- Rosie CEO sees local retailers and customers embracing digital toolson June 3, 2020 at 7:43 am
Coming out of the pandemic, shoppers will continue to blend online grocery seamlessly into their lives, says Nick Nickitas ...
- Seeing Growth in Collaborative Robot Applications, Applied Manufacturing Technologies Releases the jobHopper Portable Automation Workstationon June 2, 2020 at 9:40 am
North America's largest independent full-service systems integration provider supporting manufacturers, robot companies, systems integrators, line builders, and users of robotic automation worldwide, ...
- Robotic digital signage tackles COVID-19on June 2, 2020 at 9:18 am
As the world continues to battle the coronavirus, many technology companies are finding innovative ways to combat the virus,, such as digital signage hand sanitizer dispensers or free virtual ...
- Why Sphero decided to spin off a new company and change its CEO after 10 yearson June 2, 2020 at 6:19 am
It’s a commitment to education tech that lead Sphero to make two key announcements on May 20. First, it was spinning off its public safety division into its own business called Company Six. Second, ...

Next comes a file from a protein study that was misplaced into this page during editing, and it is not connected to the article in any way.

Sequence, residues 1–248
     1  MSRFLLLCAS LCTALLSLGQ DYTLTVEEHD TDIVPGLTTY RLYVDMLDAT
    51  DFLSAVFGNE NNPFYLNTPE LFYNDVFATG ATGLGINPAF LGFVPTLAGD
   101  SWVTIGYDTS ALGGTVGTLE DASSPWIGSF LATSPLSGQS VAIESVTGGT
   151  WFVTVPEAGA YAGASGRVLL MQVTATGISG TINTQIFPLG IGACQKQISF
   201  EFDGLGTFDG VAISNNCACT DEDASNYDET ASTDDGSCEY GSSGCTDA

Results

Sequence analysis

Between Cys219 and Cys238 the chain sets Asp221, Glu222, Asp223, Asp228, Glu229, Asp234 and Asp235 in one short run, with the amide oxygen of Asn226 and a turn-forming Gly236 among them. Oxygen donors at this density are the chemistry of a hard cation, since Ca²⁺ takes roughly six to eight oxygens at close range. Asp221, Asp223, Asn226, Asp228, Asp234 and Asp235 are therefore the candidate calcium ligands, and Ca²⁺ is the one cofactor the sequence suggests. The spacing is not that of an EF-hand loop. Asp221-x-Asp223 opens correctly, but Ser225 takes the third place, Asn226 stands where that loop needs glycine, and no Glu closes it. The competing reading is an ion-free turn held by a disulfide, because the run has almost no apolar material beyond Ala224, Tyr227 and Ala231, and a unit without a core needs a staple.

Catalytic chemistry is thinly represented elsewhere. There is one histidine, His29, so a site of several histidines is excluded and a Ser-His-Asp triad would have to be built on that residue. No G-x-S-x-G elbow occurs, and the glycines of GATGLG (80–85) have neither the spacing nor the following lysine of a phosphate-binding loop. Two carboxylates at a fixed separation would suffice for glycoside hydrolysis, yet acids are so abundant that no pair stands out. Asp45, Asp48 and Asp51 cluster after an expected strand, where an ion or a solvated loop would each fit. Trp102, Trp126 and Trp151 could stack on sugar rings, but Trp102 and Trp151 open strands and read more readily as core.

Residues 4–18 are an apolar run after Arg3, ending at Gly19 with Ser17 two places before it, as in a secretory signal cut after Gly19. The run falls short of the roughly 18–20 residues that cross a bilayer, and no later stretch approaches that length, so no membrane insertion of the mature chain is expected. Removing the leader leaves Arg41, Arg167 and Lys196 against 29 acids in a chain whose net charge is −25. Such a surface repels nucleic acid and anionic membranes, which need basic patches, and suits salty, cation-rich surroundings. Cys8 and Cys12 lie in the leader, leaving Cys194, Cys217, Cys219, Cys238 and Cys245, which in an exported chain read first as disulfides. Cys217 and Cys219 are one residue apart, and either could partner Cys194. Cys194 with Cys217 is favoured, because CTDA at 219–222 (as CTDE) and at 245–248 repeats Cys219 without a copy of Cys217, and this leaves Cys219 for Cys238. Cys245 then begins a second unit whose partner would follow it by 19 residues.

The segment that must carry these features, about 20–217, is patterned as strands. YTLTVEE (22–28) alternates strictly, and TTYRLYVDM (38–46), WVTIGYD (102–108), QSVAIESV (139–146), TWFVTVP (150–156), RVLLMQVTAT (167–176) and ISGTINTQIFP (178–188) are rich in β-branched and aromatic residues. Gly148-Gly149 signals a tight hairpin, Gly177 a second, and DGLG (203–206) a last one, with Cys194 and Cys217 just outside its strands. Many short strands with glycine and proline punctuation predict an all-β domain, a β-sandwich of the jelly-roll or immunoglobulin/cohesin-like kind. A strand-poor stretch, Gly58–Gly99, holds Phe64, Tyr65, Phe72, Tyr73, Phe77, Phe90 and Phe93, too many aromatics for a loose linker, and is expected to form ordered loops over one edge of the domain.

- Bad Robot: Katie McGrath and JJ Abrams Pledge $10 Million to Anti-Racist Effortson June 1, 2020 at 5:41 pm
Over the next five years, mega-producers Katie McGrath, JJ Abrams, and their Bad Robot Foundation will be donating $10 million to anti-racist organizations. The production company announced the ...
- The 2022 edition of Bucharest Biennial to be curated by roboton May 30, 2020 at 5:21 pm
This year's edition of the Bucharest Biennial, entitled "Farewell to Research," will launch online on June 28 in reaction to the global pandemic. While the ninth Bucharest Biennial is migrating online ...
- 3 Marketing and Customer Experience Trends That Are Transforming Manufacturingon May 29, 2020 at 10:46 am
Most financial advisors would agree that any return that beats the market (which has seen an average annual return of 10.7% since 1871) is pretty darn good. From 1965-2017, Warren Buffett (through ...
- How Can American Retail Learn From Asia’s “New Normal”?on May 29, 2020 at 7:04 am
Just before shoppers begin flocking to their favourite malls for a little revenge buying, retailers have to pull out all the stops to regain their confidence with heightened safety measures. Here are ...
- Bitcoin Profit Review – Legit or Scam Robot?on May 25, 2020 at 1:50 am
Bitcoin Profit supposedly earns enormous profits for users from an investment of as little as 250 USD. The robot was launched in 2014 and is said to be one of the most popular in the crypto trading ...
via Bing News